A Speedster’s Nightmare: The Hamstring Strain

Watching ESPN this past weekend while in Charlotte getting ready for our big game against the Cam Newton Panthers, I heard an amazing statistic:  Five (5) starting NFL running backs were listed as “questionable” or “out” because of hamstring injuries.

If you’re a “speed guy” or you play a “skill position” in football such as a RB, QB, WR or DB, having an injured hamstring is a nightmare. With the key role of assisting with acceleration and changing of direction, the hamstring muscles become a significant hindrance if they are not firing on all cylinders.

Getting to Know Your Hammys

You rely on them every day to move from here to there so now it’s time for you to get to know your hamstrings.  If you think about it, you sit on your hammy’s every day yet they are probably as foreign to you as your refrigerator’s owner’s manual.

Your hamstrings are made up of three (3) muscles.  All three muscles originate or start at the ischial tuberosity on the back underside of the pelvis. Two of them, the semitendinosis and the semimembranosis muscles, form the inner-back of the thigh and insert or attach just below the knee on the inner side of the tibia or shin bone.

The lateral or outer-back of the thigh is made up of the third hamstring known as the biceps femoris.  This lone lateral hamstring attaches to the head of the smaller bone of the outer shin know as the fibula.

The Functions of the Hamstring Muscles

Keeping it simple, the hamstrings flex or bend the knee joint and, more importantly, they slow the lower leg as it rapidly extends at the knee joint while running and changing directions.

This is a key function of the hamstrings because this eccentric or lengthening muscle contraction, commonly referred to as the “negative direction”, is the most difficult phase of the recovery for a speed guy to master when returning from a hamstring strain.

The hammy also assists with additional functions such as hip extension and lower leg rotation.  The bottom line is that the hamstring muscles play a vital role in normal lower extremity function.

What You Need to Know About Hamstring Strains

Whether you’re a loyal fan of the NFL or a guy looking for a better way to understand fantasy football injuries, here are my sports medicine bullet points on hamstring strains:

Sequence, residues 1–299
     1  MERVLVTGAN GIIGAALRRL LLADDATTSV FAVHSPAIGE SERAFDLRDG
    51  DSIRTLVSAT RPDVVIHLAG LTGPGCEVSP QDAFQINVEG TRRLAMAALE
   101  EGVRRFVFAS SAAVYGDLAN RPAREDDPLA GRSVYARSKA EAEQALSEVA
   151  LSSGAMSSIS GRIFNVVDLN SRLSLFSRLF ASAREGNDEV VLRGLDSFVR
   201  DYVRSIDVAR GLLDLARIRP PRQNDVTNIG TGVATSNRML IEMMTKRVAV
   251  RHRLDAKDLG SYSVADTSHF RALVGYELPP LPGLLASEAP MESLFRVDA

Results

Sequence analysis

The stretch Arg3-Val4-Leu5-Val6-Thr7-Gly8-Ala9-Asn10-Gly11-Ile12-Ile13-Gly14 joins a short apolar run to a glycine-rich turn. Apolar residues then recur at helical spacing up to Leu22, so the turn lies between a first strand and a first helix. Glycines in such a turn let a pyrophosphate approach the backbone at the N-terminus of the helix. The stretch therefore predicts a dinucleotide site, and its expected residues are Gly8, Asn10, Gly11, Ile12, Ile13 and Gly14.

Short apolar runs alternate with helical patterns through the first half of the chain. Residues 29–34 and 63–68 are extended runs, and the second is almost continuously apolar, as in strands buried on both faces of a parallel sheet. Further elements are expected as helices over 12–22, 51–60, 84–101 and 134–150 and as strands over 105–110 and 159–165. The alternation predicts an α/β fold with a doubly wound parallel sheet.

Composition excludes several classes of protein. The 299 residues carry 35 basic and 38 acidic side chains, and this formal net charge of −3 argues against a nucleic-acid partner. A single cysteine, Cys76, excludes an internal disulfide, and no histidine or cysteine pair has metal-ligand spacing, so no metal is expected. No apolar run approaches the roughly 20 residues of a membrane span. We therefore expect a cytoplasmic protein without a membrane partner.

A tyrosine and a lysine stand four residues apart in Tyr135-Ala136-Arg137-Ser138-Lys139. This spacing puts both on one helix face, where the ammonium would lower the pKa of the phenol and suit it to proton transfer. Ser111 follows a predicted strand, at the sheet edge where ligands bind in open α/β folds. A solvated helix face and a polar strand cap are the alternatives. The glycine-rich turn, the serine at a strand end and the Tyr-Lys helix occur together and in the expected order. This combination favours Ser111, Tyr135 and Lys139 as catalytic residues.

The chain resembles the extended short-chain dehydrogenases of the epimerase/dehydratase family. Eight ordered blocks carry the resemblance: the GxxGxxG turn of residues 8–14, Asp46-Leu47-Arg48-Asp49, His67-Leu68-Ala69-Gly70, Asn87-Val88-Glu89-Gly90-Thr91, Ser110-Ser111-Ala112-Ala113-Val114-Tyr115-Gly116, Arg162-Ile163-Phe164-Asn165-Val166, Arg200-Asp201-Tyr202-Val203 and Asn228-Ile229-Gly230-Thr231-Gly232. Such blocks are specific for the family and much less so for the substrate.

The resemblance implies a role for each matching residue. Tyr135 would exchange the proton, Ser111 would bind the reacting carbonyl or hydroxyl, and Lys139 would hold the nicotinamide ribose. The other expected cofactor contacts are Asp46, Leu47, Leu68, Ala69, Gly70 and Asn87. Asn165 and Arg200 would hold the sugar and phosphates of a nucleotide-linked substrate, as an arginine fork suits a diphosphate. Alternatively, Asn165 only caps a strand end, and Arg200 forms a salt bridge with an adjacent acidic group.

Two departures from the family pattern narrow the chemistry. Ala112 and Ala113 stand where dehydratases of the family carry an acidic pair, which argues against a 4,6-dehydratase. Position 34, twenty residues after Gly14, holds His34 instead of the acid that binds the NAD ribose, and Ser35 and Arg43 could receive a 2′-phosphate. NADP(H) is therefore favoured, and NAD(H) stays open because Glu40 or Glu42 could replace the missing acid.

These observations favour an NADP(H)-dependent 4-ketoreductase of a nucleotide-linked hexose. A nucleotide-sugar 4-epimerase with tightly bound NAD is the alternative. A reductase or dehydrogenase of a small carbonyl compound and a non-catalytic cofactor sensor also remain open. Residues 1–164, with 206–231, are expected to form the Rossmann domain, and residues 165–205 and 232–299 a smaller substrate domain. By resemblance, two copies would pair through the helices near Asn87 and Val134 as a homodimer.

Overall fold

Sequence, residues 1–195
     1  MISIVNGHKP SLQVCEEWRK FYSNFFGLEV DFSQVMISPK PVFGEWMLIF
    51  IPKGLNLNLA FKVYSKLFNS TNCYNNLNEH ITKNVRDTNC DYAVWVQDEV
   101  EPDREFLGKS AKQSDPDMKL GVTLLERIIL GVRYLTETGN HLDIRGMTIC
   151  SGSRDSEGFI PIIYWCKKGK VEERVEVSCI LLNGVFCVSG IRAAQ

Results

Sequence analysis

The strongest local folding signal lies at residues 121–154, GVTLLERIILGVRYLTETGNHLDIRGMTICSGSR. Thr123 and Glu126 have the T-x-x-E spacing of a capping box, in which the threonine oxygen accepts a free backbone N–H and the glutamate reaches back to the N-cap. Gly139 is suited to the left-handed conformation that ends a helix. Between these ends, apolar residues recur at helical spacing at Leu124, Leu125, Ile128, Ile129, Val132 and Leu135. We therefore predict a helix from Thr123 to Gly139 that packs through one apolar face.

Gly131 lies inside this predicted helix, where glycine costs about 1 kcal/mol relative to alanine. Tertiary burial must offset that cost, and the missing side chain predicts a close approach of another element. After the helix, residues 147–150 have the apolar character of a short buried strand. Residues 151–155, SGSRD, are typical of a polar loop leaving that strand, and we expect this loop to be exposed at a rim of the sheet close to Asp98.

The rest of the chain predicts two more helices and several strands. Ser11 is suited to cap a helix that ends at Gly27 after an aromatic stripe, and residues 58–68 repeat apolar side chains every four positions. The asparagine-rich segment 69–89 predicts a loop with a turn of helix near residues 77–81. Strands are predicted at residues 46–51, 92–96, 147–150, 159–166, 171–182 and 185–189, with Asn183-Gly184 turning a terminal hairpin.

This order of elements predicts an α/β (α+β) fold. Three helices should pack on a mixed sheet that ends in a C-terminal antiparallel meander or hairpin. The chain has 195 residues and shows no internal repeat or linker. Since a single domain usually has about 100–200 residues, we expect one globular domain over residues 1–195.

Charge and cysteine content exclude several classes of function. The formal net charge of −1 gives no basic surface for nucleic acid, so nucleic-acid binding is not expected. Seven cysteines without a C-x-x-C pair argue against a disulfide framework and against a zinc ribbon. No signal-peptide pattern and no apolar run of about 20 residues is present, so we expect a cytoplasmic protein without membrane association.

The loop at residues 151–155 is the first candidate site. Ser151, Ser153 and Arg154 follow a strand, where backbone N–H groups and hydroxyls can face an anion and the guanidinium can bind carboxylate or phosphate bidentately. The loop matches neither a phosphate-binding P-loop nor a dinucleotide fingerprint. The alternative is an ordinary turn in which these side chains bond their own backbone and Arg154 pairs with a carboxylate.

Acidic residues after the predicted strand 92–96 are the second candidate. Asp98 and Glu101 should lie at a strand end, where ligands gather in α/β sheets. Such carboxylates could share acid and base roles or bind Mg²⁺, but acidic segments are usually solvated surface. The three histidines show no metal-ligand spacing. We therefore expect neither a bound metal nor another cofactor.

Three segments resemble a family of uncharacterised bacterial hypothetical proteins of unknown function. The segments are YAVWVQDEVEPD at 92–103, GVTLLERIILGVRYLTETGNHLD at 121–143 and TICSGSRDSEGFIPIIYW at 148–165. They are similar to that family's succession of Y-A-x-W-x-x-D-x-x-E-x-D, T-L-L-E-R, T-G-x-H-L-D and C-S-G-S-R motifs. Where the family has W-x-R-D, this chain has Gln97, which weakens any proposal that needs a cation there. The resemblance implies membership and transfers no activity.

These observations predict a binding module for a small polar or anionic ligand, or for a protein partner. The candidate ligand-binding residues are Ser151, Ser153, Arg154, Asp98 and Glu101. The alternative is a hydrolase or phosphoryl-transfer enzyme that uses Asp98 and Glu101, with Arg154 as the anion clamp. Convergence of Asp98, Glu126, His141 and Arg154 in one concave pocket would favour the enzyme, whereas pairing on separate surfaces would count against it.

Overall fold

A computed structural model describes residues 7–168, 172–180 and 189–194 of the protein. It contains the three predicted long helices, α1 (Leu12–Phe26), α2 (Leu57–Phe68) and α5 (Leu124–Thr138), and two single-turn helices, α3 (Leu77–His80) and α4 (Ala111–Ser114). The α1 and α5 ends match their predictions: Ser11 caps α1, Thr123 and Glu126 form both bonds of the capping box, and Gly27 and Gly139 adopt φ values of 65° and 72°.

High Hammys are Hell – A “high hammy” is a strain to the upper tendon of the hamstrings close to the attachment at the pelvis.  It’s not a location where an athletes wants an injury.  The proximal or upper tendon is very dense and slow to heal.

Grading a Muscle Strain

  • Grade 1:  Minor strain, minimal disruption of the muscle fibers, minimal time lost.
  • Grade 2:  Moderate strain, some muscle tissue damage with a palpable location of injury, bleeding into the muscle with pain and swelling, typically out 1-4 weeks.
  • Grade 3:  Severe strain, significant muscle tissue damage with a visual defect noted in the muscle belly or upper tendon, extensive bleeding, poor muscle strength, pain with walking, typically out 3-8 weeks.

Waiting on 5th Gear – I tell my coaches that a player returning from a hamstring strain needs to “stay out of 5th gear” for the first few days.  That 5th gear will come back but if they try to test it too early during their return, it won’t be there and, by doing so, they will set themselves back for at least 1 week.  If your fantasy football star wide receiver is coming back from a hamstring strain, you’ll be more likely to see him running more out-routes and short slants than you are long go-routes 50 yards down the field.  Any smart DB will know that and play that WR tight, forcing him to “open up” his stride to stress his hamstring.